Lebanese Style Fries.

The last new pavilion I decided to check out was Lebanon (Site 30) for their Lebanese Style Fries (5 tickets). The fries were hot and fresh, perfectly crispy, and paired very well with the delicious garlic dip and parsley. It was heaven in my mouth! Normally I would wish for more garlic dip but the fries were actually quite good on their own too. 


If you read my recap of last year's adventure at Heritage Festival, you might remember that I was inspired to try Japan's (Site 32) takoyaki because of an anime. Well, the same thing goes for this year. Episode 17 of Food Wars! Shokugeki no Soma was all about kara-age so I wanted to see for myself what kara-age was all about. And what better place to try it than at Heritage Festival? Kara-age (5 tickets) is marinated and coated deep fried chicken. The one I received was excellent: fried to a perfect golden brown, crispy on the outside, and tender and juicy on the inside. This was hands down the best food item I tried all day! Now I know why there was so much hype about this dish in Food Wars. You can bet that I'll be hunting for chicken kara-age next time I'm craving Japanese.


Finally time for something sweet! I went for Picarones (5 tickets) from Peru (Site 36) to satisfy my sweet tooth. Picarones are fried Peruvian donuts served with syrup. These donuts don't look like much, but they were unexpectedly delightful. The exterior had a satisfying crunch but the inside was soft and fluffy. They also had a subtle spicy sweet taste which truly made these one-of-a-kind. The syrup also added just the right amount of sweetness. These Peruvian donuts were another favourite of mine, and CJ even described them as "killer".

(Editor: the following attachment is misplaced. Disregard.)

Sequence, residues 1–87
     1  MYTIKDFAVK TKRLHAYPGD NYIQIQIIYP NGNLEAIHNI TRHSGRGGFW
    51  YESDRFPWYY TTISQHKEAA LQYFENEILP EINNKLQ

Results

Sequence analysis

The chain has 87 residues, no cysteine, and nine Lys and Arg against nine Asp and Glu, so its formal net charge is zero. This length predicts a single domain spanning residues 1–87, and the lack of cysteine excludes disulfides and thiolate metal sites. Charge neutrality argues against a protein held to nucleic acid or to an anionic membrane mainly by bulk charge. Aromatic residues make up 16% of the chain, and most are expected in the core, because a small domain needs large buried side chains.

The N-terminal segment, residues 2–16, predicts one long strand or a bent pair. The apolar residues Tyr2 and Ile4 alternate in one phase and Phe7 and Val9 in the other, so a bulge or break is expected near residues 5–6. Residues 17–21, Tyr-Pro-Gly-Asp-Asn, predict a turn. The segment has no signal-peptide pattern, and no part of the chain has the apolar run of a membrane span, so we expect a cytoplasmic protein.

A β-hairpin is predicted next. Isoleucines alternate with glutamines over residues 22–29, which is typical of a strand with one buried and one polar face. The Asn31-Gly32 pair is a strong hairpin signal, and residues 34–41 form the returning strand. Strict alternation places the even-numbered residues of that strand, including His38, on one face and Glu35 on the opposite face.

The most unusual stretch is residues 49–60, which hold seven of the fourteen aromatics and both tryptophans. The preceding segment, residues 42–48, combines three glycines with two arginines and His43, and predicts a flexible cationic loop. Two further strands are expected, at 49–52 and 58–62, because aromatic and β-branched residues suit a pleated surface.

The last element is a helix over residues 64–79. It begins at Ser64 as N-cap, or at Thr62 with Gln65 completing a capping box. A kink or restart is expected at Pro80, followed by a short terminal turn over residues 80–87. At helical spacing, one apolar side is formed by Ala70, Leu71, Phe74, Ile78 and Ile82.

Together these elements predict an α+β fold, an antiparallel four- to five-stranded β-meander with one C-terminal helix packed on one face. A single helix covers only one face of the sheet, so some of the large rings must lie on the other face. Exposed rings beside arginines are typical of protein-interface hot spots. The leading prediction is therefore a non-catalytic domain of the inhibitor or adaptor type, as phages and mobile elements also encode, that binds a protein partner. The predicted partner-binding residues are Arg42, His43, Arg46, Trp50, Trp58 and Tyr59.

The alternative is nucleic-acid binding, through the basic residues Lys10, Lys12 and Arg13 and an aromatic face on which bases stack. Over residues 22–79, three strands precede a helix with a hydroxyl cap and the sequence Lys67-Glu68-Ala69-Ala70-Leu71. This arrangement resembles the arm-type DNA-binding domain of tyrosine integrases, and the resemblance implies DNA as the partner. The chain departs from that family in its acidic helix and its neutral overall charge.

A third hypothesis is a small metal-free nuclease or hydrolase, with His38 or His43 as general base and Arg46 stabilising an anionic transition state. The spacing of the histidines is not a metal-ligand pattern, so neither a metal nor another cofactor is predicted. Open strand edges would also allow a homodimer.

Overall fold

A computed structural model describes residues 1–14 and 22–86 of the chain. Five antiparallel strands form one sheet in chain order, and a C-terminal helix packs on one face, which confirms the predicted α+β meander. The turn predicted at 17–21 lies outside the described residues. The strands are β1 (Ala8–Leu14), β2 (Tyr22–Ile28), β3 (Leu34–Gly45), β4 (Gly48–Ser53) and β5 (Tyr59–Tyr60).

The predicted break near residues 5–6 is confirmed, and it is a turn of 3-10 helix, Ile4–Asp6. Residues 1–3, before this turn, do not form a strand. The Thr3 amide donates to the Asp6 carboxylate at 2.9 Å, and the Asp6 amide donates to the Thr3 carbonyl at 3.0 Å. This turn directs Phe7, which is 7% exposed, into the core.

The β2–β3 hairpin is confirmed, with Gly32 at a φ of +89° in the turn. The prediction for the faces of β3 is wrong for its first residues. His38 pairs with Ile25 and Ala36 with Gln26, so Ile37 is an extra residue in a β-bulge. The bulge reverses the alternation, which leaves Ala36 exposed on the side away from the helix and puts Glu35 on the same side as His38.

Fruit Punch Drink.

My friend ended up giving me her leftover food tickets, so CJ and I just used them for a nice, cold beverage. We got ourselves two Fruit Drinks (2 tickets) from Ukraine (Site 3) to cap off our day at the festival. If you're looking for a simple, fruity drink to keep cool then I would suggest making your way to Ukraine because they offer a 16 oz drink for just 2 tickets (whereas other pavilions have 16 oz drinks at 4 tickets or more). It's also cheaper than the beverage tents which sell drinks for 3 tickets. Just something to keep in mind for next year's festival! 

It was super fun to take part in the festival's 40th Anniversary and try out new food from many different cultures. The festive sights, sounds, and smells in a beautiful outdoor setting all made for a wonderful afternoon celebrating Canada's multicultural heritage.  A huge thanks once again to Edmonton Tourism for the food tickets! I'm looking forward to seeing what's in store for next year's Servus Heritage Festival. Don't forget to give Servus Heritage Festival a follow on Twitter (@EdmHeritageFest).